The Calling of Saint Matthew

Saints are being called to serve. Matthew shows the scene from Matthew 9:9 in which Jesus walks by Matthew, a tax collector, and says, ‘Follow me.’ Matthew is a tax collector himself. Matthew (also known as Levi) followed Jesus’ instructions and was accepted as one of his twelve followers. When the religious authorities reprimanded Jesus for associating with tax collectors, he responded by explaining that he was there to redeem sinners, not the pious, and that he had come to save them. While the narrative may appear straightforward, it conveyed the message that even those who were regarded to be the worst of human beings might be rescued and were invited to join Jesus in his mission.

Caravaggio, The Calling of Saint Matthew (1599-1600). Contarelli Chapel, San Luigi dei Francesi, Rome, Italy.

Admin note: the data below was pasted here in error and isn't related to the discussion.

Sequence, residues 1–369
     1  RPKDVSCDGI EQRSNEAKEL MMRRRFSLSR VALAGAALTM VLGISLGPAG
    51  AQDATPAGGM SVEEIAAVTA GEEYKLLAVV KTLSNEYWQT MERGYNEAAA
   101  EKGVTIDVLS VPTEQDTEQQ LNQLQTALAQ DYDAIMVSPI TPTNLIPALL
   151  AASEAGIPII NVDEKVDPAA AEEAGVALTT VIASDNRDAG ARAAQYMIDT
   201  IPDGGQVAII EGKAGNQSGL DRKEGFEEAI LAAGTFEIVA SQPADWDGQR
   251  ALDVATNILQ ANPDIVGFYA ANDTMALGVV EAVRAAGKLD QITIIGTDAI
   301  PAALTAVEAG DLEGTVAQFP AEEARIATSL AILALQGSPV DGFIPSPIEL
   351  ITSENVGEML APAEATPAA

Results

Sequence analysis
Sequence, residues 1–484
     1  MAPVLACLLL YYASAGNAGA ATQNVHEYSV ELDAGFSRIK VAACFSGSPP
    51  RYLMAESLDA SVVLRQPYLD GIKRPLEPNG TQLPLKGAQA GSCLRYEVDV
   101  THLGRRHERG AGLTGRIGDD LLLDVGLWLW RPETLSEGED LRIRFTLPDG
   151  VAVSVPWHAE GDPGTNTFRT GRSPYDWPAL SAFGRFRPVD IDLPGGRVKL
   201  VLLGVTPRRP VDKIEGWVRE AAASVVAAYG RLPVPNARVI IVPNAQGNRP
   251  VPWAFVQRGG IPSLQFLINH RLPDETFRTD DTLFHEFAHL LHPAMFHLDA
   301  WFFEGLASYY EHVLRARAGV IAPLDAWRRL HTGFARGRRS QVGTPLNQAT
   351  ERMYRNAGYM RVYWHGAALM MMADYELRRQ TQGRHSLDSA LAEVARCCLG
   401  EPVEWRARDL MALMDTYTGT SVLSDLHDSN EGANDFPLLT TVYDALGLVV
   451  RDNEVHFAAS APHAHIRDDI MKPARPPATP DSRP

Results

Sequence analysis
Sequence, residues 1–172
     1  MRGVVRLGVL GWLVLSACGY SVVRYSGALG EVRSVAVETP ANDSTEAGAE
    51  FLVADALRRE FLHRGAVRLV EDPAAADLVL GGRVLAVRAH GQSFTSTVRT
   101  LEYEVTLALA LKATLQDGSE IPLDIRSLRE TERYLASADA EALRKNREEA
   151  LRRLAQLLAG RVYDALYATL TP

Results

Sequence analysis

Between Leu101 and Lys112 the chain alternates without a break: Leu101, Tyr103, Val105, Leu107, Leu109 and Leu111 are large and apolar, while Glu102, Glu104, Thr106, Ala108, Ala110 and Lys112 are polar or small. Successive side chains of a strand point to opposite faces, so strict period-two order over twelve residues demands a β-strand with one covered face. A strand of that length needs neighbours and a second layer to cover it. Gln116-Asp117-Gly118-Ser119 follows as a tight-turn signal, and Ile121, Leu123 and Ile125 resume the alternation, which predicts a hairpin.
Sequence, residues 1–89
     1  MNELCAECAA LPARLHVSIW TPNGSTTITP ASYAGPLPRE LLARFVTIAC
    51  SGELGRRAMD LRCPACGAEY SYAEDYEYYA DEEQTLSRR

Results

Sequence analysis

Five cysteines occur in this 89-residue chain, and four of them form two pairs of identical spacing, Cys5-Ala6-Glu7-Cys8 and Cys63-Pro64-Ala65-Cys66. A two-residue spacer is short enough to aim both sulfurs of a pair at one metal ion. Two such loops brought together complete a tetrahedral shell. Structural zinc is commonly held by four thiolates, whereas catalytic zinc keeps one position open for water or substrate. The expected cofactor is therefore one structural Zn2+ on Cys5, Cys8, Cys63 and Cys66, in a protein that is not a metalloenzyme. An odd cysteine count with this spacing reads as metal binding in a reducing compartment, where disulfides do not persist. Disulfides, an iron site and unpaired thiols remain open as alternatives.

Caravaggio’s Composition

Saints are being called. Matthew represents the scene from Matthew 9:9 in which Jesus walks by Matthew, a tax collector, and says, ‘Follow me.’ Matthew is a tax collector. Matthew (also known as Levi) followed Jesus’ instructions and was accepted as one of his twelve followers. Despite the fact that the religious authorities reprimanded Jesus for associating with sinners rather than the virtuous, he responded by explaining that he was there to help sinners rather than the just.

The parable, while simple on the surface, conveyed the message that even those who were regarded to be the worst of humanity might be rescued and welcomed into Jesus’ circle of followers.

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Calling of Saint Matthew, The